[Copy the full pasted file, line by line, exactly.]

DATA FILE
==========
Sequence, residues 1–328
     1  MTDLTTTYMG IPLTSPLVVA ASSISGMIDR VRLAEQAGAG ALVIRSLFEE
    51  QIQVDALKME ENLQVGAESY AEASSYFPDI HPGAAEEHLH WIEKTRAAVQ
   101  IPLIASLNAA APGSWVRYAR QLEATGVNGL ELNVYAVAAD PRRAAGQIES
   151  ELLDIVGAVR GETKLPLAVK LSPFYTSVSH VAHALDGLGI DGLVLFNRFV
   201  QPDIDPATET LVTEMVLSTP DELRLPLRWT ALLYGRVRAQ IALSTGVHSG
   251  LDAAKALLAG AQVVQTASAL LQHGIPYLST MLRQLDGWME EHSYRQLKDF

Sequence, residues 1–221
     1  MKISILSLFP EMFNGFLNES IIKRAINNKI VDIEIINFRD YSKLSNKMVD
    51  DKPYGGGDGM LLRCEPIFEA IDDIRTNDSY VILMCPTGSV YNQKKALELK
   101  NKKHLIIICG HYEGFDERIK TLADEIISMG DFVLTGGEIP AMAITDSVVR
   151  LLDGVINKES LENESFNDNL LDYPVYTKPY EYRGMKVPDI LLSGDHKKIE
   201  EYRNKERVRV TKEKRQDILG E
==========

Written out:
Sequence, residues 1–328
     1  MTDLTTTYMG IPLTSPLVVA ASSISGMIDR VRLAEQAGAG ALVIRSLFEE
    51  QIQVDALKME ENLQVGAESY AEASSYFPDI HPGAAEEHLH WIEKTRAAVQ
   101  IPLIASLNAA APGSWVRYAR QLEATGVNGL ELNVYAVAAD PRRAAGQIES
   151  ELLDIVGAVR GETKLPLAVK LSPFYTSVSH VAHALDGLGI DGLVLFNRFV
   201  QPDIDPATET LVTEMVLSTP DELRLPLRWT ALLYGRVRAQ IALSTGVHSG
   251  LDAAKALLAG AQVVQTASAL LQHGIPYLST MLRQLDGWME EHSYRQLKDF

Sequence, residues 1–221
     1  MKISILSLFP EMFNGFLNES IIKRAINNKI VDIEIINFRD YSKLSNKMVD
    51  DKPYGGGDGM LLRCEPIFEA IDDIRTNDSY VILMCPTGSV YNQKKALELK
   101  NKKHLIIICG HYEGFDERIK TLADEIISMG DFVLTGGEIP AMAITDSVVR
   151  LLDGVINKES LENESFNDNL LDYPVYTKPY EYRGMKVPDI LLSGDHKKIE
   201  EYRNKERVRV TKEKRQDILG E